"So what does 'transgender' mean, exactly?"
Repeating the explanation to one man after another in the dating world wearied me to the point where I started sending guys to the Wikipedia page for Transgender. But then I visited it and read the first line: "Transgender is the state of one's gender identity or gender expression not matching one's assigned sex."
That umbrella definition does not encompass me today - "my assigned sex" is female now, and so is my "gender identity" - though whatever "gender identity" means, as opposed to just "gender," I don't claim to understand. "Gender identity" purports to refer to a person's inherent sense of their own gender, but my gender has always been female, thus I have never seen a disconnect, only so with my sex, which was all wrong until it was changed.
The Wiki definition goes on to give what is, I guess, a non-exhaustive set of examples of what transgender can mean. In essence, they appear to be: gender non-conformity; the feeling that the sex a person was assigned at birth is a "false or incomplete description;" or a person's non-identification with, or non-presentation as, the gender assigned at birth.
The last option probably gets closest of all three to how I see myself. Yet it seeks to define by exclusion.
What-my-body-is-not is of no help in communicating what-my-body-is.
Back in 2003, when I first announced to my parents that I was going to undergo a "gender transition," I failed to see what the BFD was.
"You're changing your body habitus," said my dad, a physician, using the medical term for physique and body build. "Can't you see that change affects other people?"
I spent the first couple years trying to convince him that I was not changing anything. I had always been female and always would be; I was just transitioning - to a body in harmony with my soul.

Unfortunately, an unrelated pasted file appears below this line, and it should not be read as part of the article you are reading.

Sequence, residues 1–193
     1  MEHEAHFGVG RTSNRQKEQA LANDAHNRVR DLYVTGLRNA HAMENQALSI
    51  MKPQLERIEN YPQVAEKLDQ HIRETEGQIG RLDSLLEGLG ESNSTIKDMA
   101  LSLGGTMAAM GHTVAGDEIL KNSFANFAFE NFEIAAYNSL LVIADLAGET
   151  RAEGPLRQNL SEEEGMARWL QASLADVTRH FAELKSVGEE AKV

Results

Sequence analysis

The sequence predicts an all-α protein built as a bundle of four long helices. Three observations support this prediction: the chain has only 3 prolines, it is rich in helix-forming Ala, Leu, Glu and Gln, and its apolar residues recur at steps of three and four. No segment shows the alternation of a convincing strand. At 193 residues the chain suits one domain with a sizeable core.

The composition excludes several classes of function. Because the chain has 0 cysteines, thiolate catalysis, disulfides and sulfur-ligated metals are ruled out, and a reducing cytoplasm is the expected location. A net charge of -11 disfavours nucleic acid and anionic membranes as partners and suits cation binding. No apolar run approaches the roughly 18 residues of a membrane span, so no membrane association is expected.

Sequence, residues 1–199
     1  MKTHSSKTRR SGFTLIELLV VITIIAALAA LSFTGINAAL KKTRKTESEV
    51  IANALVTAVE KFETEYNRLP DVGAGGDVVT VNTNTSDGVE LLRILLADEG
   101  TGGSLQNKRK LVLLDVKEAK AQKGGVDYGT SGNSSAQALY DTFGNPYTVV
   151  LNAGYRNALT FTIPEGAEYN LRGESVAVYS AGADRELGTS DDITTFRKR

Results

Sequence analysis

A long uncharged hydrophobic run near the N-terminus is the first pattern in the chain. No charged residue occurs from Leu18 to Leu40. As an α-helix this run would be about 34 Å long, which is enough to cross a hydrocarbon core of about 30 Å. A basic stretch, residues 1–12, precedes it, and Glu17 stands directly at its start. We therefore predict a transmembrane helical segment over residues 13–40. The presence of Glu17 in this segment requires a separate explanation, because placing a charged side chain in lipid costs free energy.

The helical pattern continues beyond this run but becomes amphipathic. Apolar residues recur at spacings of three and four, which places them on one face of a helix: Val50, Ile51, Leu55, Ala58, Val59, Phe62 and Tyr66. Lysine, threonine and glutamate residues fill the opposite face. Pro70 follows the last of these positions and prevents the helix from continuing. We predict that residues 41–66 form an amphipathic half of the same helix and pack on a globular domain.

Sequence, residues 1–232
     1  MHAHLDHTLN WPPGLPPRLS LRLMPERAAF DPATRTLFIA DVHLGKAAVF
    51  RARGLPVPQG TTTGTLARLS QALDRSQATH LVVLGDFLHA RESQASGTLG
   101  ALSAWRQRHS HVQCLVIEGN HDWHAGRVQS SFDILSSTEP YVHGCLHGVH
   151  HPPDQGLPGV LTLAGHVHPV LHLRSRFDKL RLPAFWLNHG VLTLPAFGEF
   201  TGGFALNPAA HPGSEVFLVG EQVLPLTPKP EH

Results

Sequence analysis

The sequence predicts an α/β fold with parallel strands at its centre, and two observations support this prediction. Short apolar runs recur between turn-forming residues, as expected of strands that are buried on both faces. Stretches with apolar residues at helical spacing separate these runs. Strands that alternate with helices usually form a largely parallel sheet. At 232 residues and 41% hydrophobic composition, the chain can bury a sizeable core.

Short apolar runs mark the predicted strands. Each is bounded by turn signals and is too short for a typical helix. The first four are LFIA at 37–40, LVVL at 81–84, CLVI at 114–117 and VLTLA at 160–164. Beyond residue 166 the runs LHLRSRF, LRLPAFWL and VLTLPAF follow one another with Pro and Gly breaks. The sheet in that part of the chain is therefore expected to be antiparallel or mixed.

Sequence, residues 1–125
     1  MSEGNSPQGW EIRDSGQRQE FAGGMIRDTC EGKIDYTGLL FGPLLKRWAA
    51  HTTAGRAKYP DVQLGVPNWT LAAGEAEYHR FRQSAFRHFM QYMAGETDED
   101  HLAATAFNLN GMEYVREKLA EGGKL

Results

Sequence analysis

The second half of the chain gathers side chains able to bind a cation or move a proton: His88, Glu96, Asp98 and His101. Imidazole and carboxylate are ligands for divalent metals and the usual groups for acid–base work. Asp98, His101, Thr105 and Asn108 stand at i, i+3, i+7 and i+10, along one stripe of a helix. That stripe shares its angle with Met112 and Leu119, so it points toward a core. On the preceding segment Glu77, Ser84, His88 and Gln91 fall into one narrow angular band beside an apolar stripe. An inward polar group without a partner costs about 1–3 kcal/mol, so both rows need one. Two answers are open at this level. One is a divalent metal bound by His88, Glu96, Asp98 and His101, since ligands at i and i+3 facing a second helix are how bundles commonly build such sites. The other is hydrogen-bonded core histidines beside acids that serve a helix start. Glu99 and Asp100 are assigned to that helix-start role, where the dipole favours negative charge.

But my dad was right. Everything changed.
I went from being disgusted by my body to feeling comfortable in my own skin - overnight. This transformation gave me the freedom to dream what life could be like now that the obstacle in between my body and me had been transformed into a stepping stone. The only limits were my dreams themselves.
At the heart of these dreams was the hope of being loved.
I was dating straight men now. In the beginning, I hazarded my soul, believing that faith in the good of others would protect me. It did not work. Most men did not want to be with me after I talked to them about my past; they could not wait to get away.
As for those who did, they wanted to be "discrete" so that no one would know.
No way. I did not fight to be who I am, I did not go under the knife to get the right body parts, I did not risk everything to remain a dirty little secret, an experiment, a dalliance, a fantasy. Even if I felt like a second-class person, I was still a human being.
I resorted to the accepted terminology as a sort of refuge against the world. I used concepts like "gender identity" and euphemisms such as "sex reassignment surgery" to school anyone who trespassed my boundaries, which I set and changed at whim.
It was not fair to behave that way with men. Some were trying their best.
Besides, my indignation was dishonest: how could I lecture them on my "gender identity" when I did not have one, since I have had only one gender my whole life? And as for my sex, it was not "reassigned" - it was changed.
So I stopped beating around the bush.
"The word you may know for me is 'transsexual.' I was born in a boy's body. I had a sex change. Now I am completely female."
It may not be the most politically correct explanation. But it's true, and people know what I mean.
And there is nothing wrong with change, anyway. As a therapist I once saw in Guatemala - a paraplegic who dozed off during sessions, I swear it - used to tell me, "Life is change. When we stop changing, we die."